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prisons probe Prisoner Ombudsman says 'nothing to suggest' paedophile Liam Adams' cancer diagnosis 'delayed'

Paedophile Liam Adams was the brother of former Sinn Féin leader Gerry Adams

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Liam Adams

Liam Adams

Liam Adams

A watchdog has ruled prison authorities did not delay the cancer diagnosis of the convicted paedophile brother of former Sinn Féin leader Gerry Adams.

Liam Adams (63), who had been in prison from October 2013, was sentenced to 16 years for raping and sexually abusing his daughter, Aine Dahlstrom, and had been diagnosed with non-curable pancreatic cancer in January of 2019.

While being treated in hospital, doctors found he had multiple lesions on his liver which suggested advanced cancer in his pancreas.

Adams had previously become ill in 2017 and his family argued there may have been “missed opportunities” to detect the cancer before it had developed.

After being diagnosed Adams was moved to a hospice and he died from the condition in February of 2019.

However, with his case having been referred to the Prisoner Ombudsman, an independent clinical reviewer, Dr Lesley Carroll, said there was “nothing to suggest” his cancer diagnosis had been missed or delayed.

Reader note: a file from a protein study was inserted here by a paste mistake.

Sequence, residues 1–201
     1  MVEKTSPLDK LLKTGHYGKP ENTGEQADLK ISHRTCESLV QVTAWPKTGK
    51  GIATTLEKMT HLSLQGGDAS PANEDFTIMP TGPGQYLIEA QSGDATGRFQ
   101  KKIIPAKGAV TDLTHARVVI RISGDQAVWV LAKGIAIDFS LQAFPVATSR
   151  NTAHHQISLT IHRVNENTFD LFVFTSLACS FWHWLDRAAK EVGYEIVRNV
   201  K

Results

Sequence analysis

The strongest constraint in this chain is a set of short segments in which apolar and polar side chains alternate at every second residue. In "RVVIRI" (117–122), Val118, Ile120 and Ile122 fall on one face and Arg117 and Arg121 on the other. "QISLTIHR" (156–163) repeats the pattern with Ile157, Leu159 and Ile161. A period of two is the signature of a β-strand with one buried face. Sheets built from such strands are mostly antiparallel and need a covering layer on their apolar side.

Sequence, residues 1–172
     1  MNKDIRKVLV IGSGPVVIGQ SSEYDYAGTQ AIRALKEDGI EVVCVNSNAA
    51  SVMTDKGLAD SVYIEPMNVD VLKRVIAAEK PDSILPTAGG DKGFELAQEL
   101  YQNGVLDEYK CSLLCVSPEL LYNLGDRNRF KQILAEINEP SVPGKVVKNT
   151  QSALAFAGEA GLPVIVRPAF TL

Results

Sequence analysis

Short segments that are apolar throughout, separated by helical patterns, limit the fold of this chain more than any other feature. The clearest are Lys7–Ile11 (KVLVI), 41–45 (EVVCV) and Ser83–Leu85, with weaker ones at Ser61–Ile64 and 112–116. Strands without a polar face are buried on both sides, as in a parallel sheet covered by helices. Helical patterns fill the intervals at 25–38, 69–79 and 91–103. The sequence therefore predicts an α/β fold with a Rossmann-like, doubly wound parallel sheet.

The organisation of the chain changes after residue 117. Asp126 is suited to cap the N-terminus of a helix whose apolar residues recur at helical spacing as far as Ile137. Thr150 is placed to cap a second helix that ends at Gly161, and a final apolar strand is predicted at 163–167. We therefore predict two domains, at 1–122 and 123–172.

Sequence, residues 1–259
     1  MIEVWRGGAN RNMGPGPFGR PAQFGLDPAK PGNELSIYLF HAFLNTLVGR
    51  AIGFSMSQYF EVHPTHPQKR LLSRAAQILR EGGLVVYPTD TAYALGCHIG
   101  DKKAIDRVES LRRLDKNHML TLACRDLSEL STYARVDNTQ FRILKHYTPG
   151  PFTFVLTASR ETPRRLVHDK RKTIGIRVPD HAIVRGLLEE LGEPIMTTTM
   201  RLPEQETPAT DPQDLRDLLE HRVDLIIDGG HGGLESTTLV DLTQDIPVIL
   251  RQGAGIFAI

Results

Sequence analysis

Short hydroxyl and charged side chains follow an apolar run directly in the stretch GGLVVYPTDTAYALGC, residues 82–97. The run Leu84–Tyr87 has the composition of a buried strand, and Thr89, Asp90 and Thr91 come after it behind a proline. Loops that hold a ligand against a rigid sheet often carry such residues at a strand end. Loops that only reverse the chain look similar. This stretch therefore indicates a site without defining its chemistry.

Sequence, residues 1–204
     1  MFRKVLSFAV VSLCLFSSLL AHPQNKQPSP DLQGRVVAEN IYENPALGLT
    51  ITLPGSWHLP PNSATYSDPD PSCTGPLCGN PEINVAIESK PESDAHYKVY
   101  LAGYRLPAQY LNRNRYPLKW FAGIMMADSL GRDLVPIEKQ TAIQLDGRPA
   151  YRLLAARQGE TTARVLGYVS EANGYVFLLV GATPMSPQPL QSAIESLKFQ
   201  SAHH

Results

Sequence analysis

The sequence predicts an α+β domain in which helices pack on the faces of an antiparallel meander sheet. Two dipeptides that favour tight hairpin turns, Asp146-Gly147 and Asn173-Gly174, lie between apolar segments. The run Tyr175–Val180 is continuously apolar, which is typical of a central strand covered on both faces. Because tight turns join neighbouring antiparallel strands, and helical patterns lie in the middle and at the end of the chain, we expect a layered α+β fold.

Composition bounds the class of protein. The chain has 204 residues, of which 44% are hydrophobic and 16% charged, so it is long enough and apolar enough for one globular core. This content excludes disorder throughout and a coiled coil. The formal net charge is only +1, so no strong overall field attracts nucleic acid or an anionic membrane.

It was also found he had received “appropriate care” while he was in prison.

The report added: “The Prisoner Ombudsman's investigation thoroughly explored and analysed all aspects of Mr Adams' death, including any questions raised by his bereaved relatives, as detailed in the report,” the report said.

“The report accepts the findings of the independent clinical reviewer which concluded that Mr Adams had received appropriate care while he was in prison, from he first reported feeling unwell, and there had not been any missed or delayed cancer diagnosis.”

After the publication of the report, Dr Carroll said: "This report is written with Mr Adams' family in mind. It is important that my office provides, as far as possible, explanations and information that gives insight to the bereaved.

“I am grateful to Mr Adams' family for their engagement with the investigation and offer my condolences to them on their sad loss."

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The ombudsman said as a result of their findings there would be no need to change policies or practices within the prisons system in Northern Ireland.

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